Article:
175: The 3:14 From Nowhere

By Lt. Commander Lair

During and after A Debt Repaid

The wooden planks of the archaic railroad platform creaked loudly and seemed to bend, giving alarmingly beneath the strain of her weight as she paced back and forth along the length of the structure.

She looked again at the unattended ticket booth, just paces away. The small, windowed enclosure was shielded by a fabric shade, pulled down to conceal whatever was kept within.

The shade, which had maybe once been blue or black, had faded. Its original hue had been violently extracted from it, its edges curled and the whole of it turned a pale and sickly gray-green by the intensity of the sun. The same sun which had all but completely also bleached the message from a small sign affixed to the shade, reading "Closed".

She held a hand up to try to divert enough sunlight away from her eyes to see off into the distance, but she couldn't see far. This place was truly a desert and dry, tan earth stretched on as far as her eyes could distinguish, its surface only decorated by a single, silver set of train tracks.

The sky above was solid azure, not a cloud in sight, not a drop of moisture present within it or promised by it. The piercing rays of the sun were white hot, and she knew that she'd been out here too long. She looked down at her hands and saw that the tops of them were crimson; she reached up and touched her face, and it smarted. She could only imagine the color it must be after so much exposure to the elements.

The damn train was never going to get here.

She'd been waiting for. . .forever. She tried to find someone, anyone, to sell her a ticket to ride or even just tell her if this station was still in use at all, any longer.

She thought it strange that in all the time she'd been waiting, night never came. The sun never relented, stubbornly refusing instead to relinquish its spot straight overhead. It kept bearing down on her, scorching the landscape until the ground was cracked and parched; too dry to be grainy with sand, and too hostile to support even a single leaf of grass. There was no wind, the air was deadly calm. Not even enough to blow by the occasional tumbleweed.

She expected there to be tumbleweed here, for some reason.

Maybe it was that she'd watched too many of Reece's 'motion pictures' with him over the years. Maybe she wasn't really here, maybe this was a holodeck program, or a hallucination. Or an alien method of mind control- by which she was being tortured or tested.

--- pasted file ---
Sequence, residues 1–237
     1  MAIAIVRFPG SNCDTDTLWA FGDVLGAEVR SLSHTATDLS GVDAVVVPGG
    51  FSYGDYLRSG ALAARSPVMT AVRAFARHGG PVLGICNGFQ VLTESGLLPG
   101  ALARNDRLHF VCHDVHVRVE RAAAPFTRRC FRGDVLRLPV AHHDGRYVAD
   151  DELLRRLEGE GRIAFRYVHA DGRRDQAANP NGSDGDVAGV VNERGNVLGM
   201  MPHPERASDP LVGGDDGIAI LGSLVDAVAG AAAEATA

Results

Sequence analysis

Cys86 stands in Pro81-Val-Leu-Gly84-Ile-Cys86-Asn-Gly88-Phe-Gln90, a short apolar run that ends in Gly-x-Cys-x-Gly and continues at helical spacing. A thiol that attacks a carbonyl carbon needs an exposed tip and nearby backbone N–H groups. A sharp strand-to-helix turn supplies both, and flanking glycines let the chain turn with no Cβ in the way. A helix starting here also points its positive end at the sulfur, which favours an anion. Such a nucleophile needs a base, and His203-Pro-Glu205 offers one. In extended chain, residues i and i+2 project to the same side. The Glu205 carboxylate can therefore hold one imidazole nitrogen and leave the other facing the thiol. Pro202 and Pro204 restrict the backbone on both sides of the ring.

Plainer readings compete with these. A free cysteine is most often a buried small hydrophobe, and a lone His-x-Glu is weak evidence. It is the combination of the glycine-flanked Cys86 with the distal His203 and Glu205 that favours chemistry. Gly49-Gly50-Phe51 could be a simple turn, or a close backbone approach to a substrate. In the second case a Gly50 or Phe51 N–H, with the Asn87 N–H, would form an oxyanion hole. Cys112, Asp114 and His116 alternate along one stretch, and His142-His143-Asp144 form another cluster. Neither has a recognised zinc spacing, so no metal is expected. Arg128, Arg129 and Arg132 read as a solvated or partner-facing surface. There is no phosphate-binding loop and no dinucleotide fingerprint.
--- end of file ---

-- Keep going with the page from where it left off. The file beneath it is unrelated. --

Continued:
"Too many John Wayne movies." Lair concluded.

She wandered down a rickety staircase at the entrance to the station, and kicked a stray stone down toward the abandoned tracks in frustration as she once again strained to see if there was anyone else here who might know what was going on.

She saved her breath in trying to call for anyone's attention. She'd tried that when she first got here, whenever that was, and all she'd done was tire herself out and make her throat dry for the effort. She could find no source of water from which to draw herself a drink, and she knew that had to be a bad sign.

*I mean, no one can live long in heat like this without water, right?*

Kellyn kept walking along the tracks, but no matter how long she walked she arrived at the same destination. After a little while, she found herself facing the same decrepit wooden staircase leading back up to the barren station; and she was getting very sick of the sight of it.

She stomped up the stairs dejectedly and resumed trudging her way back and forth across the platform. She looked up at the sky again. The sun had not changed position at all. She and everything here seemed to be stuck in some kind of suspended animation.

"Wherever the hell 'here' is," She growled, her voice hoarse and weary.

She rotated on her heel once she reached the end of the platform, turning to pace back in the opposite direction. Mid-spin she observed the ticket booth once again, and had a thought. If she could break into it -which, of course she could, she was a Starfleet Master of Engineering - she could maybe find some information about where she was; about the train schedule. At the very least, perhaps the small booth could afford respite from the heat and sun.

She moved closer to the booth, approached the side door and grabbed hold of the old fashioned knob type handle. It was hot to the touch, having fallen into the line of sunlight, and she yanked her hand back and spat out an epithet.

She looked the door and booth over again, top to bottom, discerning that there were no electronics here. Not on the station as a whole, and apparently not keeping the ticket booth secure. She needed something she could use to pick the lock, as the knob held an actual keyhole, and had refused to turn when she'd tried it.